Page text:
Two officials put the number of schoolboys at 320 and 333, while Kankara locals put it at more than 500
Over 300 Nigerian schoolboys were released on Thursday after being kidnapped in an attack claimed by Boko Haram, officials said, although it was unclear if any more remained with their captors.
The assault last Friday on a rural school in Kankara, Katsina state in northwest Nigeria, was initially blamed on criminals, known as bandits, who have terrorised the region for years.
But on Tuesday Boko Haram, the brutal jihadist group behind the abduction of 276 schoolgirls in Chibok in 2014, claimed responsibility for the raid.
After a six-day ordeal, local officials said the boys had been released.
"344 are now with the security agencies and will be moved to Katsina this night," governor Aminu Bello Masari said.
"They will be given proper medical attention and care before being reunited with their families."
"This is a huge relief to the entire country & international community," President Muhammadu Buhari said on Twitter.
It remained unclear, however, if all the abducted schoolboys had been released, amid ongoing uncertainty over the number taken in the first place.
In a video released by Boko Haram Thursday, a distraught teenager said he was among 520 students kidnapped.
"No one can give the exact number of the children," a security source told AFP Thursday, saying the schoolboys were left in the forest after negotiations with the government.
"The children are being gathered in the town of Tsafe in Zamfara state and nearby Yankara in Katsina state."
"The actual number of freed children will only be known after a head count when they arrive (in the state capital) Katsina. Any figures given are a conjecture," the same source added.
- Alliance of 'bandits and terrorists' -
Sources had previously told AFP that the raid was carried out by a well known criminal in the region, Awwalun Daudawa, in collaboration with Idi Minorti and Dankarami, two other crime chiefs with strong local followings, acting on behalf of Boko Haram.
Experts recently warned of attempts by jihadists -- operating in the northeast of the country, hundreds of kilometres (miles) from where Friday's attack occurred -- were attempting to forge an alliance with criminal gangs in the northwest.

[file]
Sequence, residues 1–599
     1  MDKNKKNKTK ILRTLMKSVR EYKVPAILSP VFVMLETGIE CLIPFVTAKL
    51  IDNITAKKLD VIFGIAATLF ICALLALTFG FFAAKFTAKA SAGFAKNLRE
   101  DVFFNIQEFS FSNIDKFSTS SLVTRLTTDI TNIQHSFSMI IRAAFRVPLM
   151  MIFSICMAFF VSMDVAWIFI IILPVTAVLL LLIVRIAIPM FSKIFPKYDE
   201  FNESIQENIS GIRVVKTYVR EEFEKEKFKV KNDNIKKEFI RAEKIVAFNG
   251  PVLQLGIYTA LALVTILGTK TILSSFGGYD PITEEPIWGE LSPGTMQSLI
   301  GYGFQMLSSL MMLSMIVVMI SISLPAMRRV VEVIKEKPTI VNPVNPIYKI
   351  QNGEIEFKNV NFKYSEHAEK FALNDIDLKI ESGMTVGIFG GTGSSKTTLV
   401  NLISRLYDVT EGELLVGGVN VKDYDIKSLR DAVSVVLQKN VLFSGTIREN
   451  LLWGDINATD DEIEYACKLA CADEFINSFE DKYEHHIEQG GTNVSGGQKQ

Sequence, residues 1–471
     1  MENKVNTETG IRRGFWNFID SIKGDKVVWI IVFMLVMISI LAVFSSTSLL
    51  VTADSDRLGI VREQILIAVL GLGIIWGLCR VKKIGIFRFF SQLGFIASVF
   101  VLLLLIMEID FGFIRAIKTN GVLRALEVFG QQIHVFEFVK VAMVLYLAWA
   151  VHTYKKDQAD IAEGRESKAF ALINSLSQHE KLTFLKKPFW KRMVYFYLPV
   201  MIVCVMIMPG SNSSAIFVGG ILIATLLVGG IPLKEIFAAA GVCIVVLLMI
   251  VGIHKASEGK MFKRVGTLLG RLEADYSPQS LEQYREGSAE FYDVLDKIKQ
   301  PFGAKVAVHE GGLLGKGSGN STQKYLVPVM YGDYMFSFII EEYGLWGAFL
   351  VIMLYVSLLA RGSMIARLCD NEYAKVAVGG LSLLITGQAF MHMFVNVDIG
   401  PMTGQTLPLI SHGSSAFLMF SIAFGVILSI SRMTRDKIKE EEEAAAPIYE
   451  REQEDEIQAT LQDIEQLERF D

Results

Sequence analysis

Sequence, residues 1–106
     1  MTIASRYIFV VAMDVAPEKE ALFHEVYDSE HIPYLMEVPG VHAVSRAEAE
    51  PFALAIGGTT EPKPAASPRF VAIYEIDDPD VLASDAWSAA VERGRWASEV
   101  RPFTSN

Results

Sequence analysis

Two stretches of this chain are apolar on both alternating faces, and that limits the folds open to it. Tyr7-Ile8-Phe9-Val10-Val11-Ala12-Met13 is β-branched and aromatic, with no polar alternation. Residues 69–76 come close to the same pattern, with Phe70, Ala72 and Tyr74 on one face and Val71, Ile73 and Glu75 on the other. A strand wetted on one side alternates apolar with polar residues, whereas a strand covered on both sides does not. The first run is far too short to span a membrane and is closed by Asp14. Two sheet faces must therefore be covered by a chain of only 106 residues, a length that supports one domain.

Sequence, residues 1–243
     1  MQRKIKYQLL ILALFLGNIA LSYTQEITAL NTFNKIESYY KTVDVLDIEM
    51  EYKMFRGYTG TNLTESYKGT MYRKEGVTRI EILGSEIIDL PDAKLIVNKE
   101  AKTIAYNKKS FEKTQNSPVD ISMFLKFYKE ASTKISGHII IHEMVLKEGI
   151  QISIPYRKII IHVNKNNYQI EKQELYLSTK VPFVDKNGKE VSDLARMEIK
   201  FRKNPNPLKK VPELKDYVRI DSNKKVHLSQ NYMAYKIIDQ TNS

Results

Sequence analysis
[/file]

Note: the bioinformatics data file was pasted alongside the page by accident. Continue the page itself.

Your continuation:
President Buhari's official spokesman said "the northwest now presents a challenge which his administration is determined to deal with," spokesman Garba Shehu said on Twitter.
"It is unfortunate that the bandits and terrorists continue to get weapons even under the circumstances of the border closure. We are going to dare them."
Many parents of the missing students in Kankara said they had long feared an attack, given escalating violence in the region.
"Our children told us armed men would come up to the school fence but they never breached the fence... until last Friday," Hauwa'u Isah, mother of an abducted child said.
Around 8,000 people have been killed in the northwest since 2011, according to the International Crisis Group (ICG) think tank.
#BringBackOurBoys started trending on social media earlier this week, in reference to a similar hashtag after the Chibok kidnappings.
Small protests to push for the boys' release took place in Katsina on Thursday as president Buhari was visiting the state.
"Why we are here today is because we want to tell the Federal Government that what they are doing is not enough," protester Jamilu Aliyu Turanci said.
"Mr President has failed us."
(Except for the headline, this story has not been edited by NDTV staff and is published from a syndicated feed.)